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story.lead_photo.caption Frustrated would-be novelist John (Ethan Hawke) falls in love with the capable, but possibly dim-witted, Maggie in Rebecca Miller’s Maggie’s Plan, a New York-centric romantic comedy that recalls vintage Woody Allen.

Maggie’s Plan

87 Cast: Greta Gerwig, Ethan Hawke, Julianne Moore, Bill Hader, Maya Rudolph Director: Rebecca Miller Rating: R, for language and brief sexuality

Running time: 98 minutes

Practical, organized, capable Maggie (Greta Gerwig) knows what she wants: to be a mother. What she doesn’t want, or doesn’t have much success with, is a relationship with a man. So she’s planning on going it alone with the help of a contributing partner. Just when the artificially introduced procedure that substitutes for actual sex is more or less completed, she falls in love with another woman’s husband. And he falls for her.

That’s the vastly simplified opening of Maggie’s Plan, a talky New York-based romantic comedy that echoes the characteristics — self-absorbed intellectuals, stammering, interrupting, cityscapes, cynicism — of Woody Allen’s more successful comedies set in the same city. Witty and not afraid to be occasionally awkward, Rebecca Miller’s film zips along at a charming pace before stumbling past a perfectly acceptable stopping point and dragging the whole affair out beyond its ability to entertain.

Just as Allen’s films grow more complicated as they move along, so does Maggie’s Plan. Our heroine, a New School art student career adviser whose sense of style leans toward plaid wool jumpers, thick tights, and clunky shoes, starts rethinking single motherhood when she meets an attractive, somewhat ditzy professor of ficto-critical anthropology (no, you’re not the only one who doesn’t know what that is) named John (Ethan Hawke) who is married, none too happily, to Georgette (Julianne Moore), a tiny, magnificent, fiercely intellectual theorist with an indescribably odd Northern European accent. They’re the parents of two children (Mina Sundwall and Jackson Frazer).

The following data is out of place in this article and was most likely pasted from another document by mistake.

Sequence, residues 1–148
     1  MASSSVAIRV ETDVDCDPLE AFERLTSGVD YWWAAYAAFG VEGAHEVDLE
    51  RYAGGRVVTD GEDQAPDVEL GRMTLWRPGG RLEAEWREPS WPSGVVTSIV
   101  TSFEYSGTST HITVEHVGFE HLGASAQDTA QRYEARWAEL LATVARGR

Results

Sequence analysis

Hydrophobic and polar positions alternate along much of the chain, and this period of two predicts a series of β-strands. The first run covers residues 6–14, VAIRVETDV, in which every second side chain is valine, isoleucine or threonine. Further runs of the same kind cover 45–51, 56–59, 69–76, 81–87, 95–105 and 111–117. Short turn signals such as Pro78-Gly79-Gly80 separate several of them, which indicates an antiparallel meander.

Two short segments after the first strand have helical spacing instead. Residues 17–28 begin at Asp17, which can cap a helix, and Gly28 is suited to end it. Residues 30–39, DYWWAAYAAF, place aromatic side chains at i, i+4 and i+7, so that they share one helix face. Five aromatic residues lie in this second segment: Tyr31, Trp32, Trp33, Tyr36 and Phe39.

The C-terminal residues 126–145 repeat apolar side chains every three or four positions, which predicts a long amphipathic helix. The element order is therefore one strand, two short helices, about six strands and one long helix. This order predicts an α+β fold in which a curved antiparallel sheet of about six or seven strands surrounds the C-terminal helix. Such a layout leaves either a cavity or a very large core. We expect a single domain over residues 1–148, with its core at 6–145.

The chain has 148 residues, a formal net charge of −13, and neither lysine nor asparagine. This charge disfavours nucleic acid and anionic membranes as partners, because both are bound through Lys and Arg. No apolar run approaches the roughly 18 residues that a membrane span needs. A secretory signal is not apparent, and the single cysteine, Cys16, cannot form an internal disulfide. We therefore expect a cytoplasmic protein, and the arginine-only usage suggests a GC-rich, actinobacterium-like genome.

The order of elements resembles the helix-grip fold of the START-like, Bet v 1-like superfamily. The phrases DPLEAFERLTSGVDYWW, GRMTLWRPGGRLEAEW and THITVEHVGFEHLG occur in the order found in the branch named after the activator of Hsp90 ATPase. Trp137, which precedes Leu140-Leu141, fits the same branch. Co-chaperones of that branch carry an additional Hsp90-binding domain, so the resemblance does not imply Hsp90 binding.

Maggie manages to come between them. The marriage breaks up. Maggie and John marry. A few years (and an adorable daughter) later, Maggie wearies of John’s narcissism, his constant interaction with his needy former wife, and his relying on Maggie to handle the details of their lives while he dabbles at finishing an overworked novel. “Am I so capable that I don’t deserve attention?” she wonders. Apparently so — she realizes that marrying John was a mistake. He’d be better off with brutally self-centered Georgette, she decides, as that will force him to stop paying so much attention to himself. And she sets about making that happen.

This may appear to be giving away too much of the plot, but trust me, this is just the bare bones of what’s going on here.

The bonding agents throughout are the comic performances by not only goofy Gerwig and Hawke (who’s terrific at playing an absolute jerk) but also by Bill Hader as Maggie’s confidante and former boyfriend and Maya Rudolph as his dryly sarcastic and hugely funny wife. Details matter, such as Georgette’s wardrobe of furry tunic-length sweaters and a severe bun hairstyle that announces she’s a formidable woman who lives surrounded by a chilly Scandinavian modern decor that mirrors her personality and sends her children to a Danish school where they learn to discuss the oddities of adults with each other in that language.

Because of these characters and the world they inhabit, much of this film works. But too much of it doesn’t. If only Miller had resisted the urge to tie up all the loose ends in the final scenes, she might have a hit on her hands.

Print Headline: Maggie’s Plan


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